General Question

hug_of_war's avatar

Should I change my major?

Asked by hug_of_war (10735points) April 30th, 2009

So I’m at the end of my sophomore year and I’ve changed my major a million times, but in 15 days I’m registering for fall classes, and if I want to graduate on time I have to settle down (and taking on more loans is seriously not an option).

Right now I’m in linguistics, and it’s the first time I’ve ever enjoyed my major. When I told everyone I had switched to linguuistics, everyone was like that’s your natural fit.

But I know there is no job I can get with a linguistics major. The major I was previously is an applied non-engineering science with a good job selection and the department at my school has a 100% placement rate and lots of internships…but I hate chemistry and it’s very chemistry heavy. Specifically, I hate labs, I dread them.

Do I stick with what I enjoy, or go back to the major I am capable of doing but will never enjoy? It’s the job issue really. I know everyone says your major doesn’t matter, but in this case I kind of think it does. My parents definitely do not like me doing linguistics. They definitely want me going for the major that leads to a job (I’m being vague about it for a reason).

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14 Answers

basp's avatar

Most entry level positions that require a degree have broad parameters.
I would stick with what suits you best.

Les's avatar

After 7 years of higher education, I would advise you to stick with something you love. The job market, no matter what it is, is crazy. Working for a degree that you love is hard enough. Don’t make it even harder on yourself by doing something you aren’t 100% fond of. I am currently pursuing a Masters degree in my “beloved” field, and most days I just want to cry because it is so hard and trying. I can’t imagine doing what I am doing if I wasn’t completely devoted to this science.

cwilbur's avatar

No major leads to a guaranteed job. Majoring in something you hate won’t make you any happier, and you’ll do much better looking for scarce jobs in a field you love than common jobs in a field you hate.

mammal's avatar

Stick with linguistics…science is soulless

hug_of_war's avatar

@cwilbur I never said garunteed, just to make that clear.

benjaminlevi's avatar

I picked up a new major at the start of this (my 6th) semester. I like my new one a lot (Ecology & Evolutionary Biology) but its gonna take me forever to graduate.

Disc2021's avatar

You pose a very challenging question – When exactly do you stop thinking practical and go with your heart? When do you draw the line and apply the most logical knowledge?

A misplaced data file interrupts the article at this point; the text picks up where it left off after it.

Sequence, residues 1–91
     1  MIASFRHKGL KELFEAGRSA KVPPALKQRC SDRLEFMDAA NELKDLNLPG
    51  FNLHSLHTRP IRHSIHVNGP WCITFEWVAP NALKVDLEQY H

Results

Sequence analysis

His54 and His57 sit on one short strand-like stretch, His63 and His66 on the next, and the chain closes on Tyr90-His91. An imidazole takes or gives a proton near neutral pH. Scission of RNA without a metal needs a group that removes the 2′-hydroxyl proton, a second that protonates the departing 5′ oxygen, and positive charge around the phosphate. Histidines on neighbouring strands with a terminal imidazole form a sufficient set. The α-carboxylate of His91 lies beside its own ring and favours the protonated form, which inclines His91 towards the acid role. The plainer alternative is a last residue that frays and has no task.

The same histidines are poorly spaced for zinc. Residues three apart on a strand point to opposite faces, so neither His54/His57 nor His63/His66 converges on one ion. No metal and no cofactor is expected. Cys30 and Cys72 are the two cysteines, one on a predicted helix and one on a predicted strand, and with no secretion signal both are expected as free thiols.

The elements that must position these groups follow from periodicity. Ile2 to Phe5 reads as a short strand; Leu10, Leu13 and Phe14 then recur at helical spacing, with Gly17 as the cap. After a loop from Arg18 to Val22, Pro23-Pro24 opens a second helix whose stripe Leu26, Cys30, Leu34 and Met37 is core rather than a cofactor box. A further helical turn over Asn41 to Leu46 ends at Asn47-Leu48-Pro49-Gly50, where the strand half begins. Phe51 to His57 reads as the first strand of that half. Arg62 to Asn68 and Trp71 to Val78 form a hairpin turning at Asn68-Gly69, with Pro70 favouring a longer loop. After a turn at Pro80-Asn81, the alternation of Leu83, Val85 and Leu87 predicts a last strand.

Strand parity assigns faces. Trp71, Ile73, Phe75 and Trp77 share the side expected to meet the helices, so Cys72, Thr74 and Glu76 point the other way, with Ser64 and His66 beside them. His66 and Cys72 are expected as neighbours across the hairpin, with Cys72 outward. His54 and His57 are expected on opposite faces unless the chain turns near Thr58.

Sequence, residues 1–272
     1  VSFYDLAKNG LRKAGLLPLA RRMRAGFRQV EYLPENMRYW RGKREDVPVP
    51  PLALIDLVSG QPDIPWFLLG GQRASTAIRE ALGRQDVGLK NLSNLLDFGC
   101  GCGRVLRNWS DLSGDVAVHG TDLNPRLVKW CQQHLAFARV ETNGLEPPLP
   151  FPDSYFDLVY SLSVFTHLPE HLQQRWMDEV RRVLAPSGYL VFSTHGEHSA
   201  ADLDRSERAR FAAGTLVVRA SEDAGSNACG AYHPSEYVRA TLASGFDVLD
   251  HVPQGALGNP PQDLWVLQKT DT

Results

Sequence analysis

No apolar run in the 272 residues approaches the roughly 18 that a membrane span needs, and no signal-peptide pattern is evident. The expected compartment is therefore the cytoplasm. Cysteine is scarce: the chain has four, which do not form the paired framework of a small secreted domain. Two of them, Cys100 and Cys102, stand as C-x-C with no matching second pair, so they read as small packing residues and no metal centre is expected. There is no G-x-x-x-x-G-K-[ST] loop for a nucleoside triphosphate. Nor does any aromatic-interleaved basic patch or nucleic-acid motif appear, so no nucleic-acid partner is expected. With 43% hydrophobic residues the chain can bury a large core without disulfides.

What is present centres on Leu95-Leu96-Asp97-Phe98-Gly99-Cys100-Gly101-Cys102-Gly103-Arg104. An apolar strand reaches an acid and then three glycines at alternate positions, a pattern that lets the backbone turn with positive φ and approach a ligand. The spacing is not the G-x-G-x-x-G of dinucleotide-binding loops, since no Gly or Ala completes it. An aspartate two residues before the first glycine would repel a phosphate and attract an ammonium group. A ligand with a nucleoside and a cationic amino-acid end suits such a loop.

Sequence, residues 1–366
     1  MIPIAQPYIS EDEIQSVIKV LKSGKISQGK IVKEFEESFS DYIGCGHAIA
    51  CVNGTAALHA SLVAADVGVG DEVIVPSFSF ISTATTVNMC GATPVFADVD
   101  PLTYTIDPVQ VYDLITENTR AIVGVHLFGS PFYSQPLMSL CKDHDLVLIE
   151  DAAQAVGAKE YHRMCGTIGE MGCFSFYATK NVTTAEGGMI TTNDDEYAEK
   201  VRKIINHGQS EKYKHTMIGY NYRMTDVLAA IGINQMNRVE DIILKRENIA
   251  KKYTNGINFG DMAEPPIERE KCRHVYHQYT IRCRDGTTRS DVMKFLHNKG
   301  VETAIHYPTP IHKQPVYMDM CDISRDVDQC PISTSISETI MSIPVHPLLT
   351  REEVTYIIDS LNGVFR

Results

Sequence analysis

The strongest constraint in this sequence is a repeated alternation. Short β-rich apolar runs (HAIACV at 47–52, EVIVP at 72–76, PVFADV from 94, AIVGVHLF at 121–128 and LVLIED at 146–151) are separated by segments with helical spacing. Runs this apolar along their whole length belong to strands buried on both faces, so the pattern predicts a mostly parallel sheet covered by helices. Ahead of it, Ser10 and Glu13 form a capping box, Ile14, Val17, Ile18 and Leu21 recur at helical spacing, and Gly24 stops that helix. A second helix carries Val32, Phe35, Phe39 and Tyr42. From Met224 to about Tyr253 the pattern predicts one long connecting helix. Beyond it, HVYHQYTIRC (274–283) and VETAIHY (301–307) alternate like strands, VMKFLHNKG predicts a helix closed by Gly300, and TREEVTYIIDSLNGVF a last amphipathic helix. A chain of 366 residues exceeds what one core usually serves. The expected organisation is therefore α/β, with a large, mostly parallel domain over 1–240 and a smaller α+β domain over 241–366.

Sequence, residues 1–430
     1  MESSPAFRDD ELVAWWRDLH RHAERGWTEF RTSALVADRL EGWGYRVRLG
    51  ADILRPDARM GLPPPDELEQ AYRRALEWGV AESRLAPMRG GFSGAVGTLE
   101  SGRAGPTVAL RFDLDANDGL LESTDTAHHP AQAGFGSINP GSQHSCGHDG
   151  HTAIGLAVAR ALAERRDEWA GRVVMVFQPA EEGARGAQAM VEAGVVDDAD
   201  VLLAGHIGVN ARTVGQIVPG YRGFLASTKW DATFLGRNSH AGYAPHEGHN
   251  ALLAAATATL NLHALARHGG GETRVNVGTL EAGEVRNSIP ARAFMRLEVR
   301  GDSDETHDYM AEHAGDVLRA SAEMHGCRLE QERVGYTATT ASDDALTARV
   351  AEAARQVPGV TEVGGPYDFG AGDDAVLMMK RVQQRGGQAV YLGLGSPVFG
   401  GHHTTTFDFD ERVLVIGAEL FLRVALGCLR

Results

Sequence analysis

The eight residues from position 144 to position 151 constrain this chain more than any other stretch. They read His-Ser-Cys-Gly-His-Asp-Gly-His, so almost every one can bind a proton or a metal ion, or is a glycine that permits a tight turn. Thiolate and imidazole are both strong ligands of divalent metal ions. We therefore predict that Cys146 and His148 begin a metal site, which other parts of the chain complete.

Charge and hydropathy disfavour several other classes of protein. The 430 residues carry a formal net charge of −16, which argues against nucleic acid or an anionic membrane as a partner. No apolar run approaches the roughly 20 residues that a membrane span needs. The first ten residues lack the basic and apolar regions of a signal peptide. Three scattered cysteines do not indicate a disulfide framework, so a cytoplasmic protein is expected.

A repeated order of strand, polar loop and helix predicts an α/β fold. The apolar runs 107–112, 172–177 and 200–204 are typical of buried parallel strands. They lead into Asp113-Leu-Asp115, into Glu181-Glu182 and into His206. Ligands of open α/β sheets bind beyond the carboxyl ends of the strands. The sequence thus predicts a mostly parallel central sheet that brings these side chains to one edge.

I’m a sophomore also in college and I bounced around as well. Took some time off, ended up volunteering in Mississippi for a month. Where I’m at now, is being 21 and still being a late sophomore with most of my general ed requirements complete and forced with the decision on what I should actually go with. Finally, I’m starting to lean towards health – which gives me the ability to help people, good benefits and a good career outlook. However, I’m also not so sure if I could handle all of the science.

I’m not sure if I’m trying to answer your question – or just hoping that my feedback is somehow insightful. All I could really say is go with what you feel is best for you. No matter the career you choose, there will be difficulty and you will face uncertainty. I dont think there’s anyway around that so your best bet is to go with what feels most comfortable, hold your head high and never give up.

RedPowerLady's avatar

@hug_of_war You can get great jobs with linguistics. Why don’t you try for being a speech pathologist? I know several people who do this and love it. And the jobs for this are always out there because Early Intervention is on the rise. And unfortunately many of the disorders that require speech pathology are on the rise…

emilia_eclaire's avatar

Have you thought about academia? I know you’re not anxious to take on more loans, but there should be some linguistics scholarships/fellowships or perhaps teaching assistant positions open which would pay for your graduate education. I would talk to one of your favorite linguistisc professors about your options.

cwilbur's avatar

Graduate degrees are an excellent way to prolong school. If you get into a good graduate program, you will be offered tuition waivers and stipends, which are often enough to live on—not luxuriously, but if you live frugally and like the student lifestyle, you should be all set. Once you get your actual degree, the job market is no worse.

Les's avatar

@cwilbur: Ugh graduate degrees. You have to really like what you are doing to go through that hell.

Ivan's avatar

I also switched out of a major with good job prospects in favor of one in which I actually enjoyed the material. If I’m going to be paying thousands of dollars, I might as well not hate it.

@mammal Indeed, but that’s why one should study science

YARNLADY's avatar

If you rely on what “other people” tell you, you will not be reliably informed. For instance, there are many well paying job in linguistics that going unfilled because of a lack of qualified applicants.

Do your own research with emphasis on acutal job placement agencies and the companies/government jobs that exist.

augustlan's avatar

Your old major may lead you to a job, but who cares if it’s a job you’d hate? Do what you love. I don’t think you will ever regret it.

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